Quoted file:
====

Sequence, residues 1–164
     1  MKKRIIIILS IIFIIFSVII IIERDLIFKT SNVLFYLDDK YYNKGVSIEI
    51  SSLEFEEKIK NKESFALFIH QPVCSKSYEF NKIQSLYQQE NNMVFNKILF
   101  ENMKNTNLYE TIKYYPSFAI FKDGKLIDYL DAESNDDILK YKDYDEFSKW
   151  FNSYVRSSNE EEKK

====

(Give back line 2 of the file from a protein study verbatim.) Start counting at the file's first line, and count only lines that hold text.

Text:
     1  MKKRIIIILS IIFIIFSVII IIERDLIFKT SNVLFYLDDK YYNKGVSIEI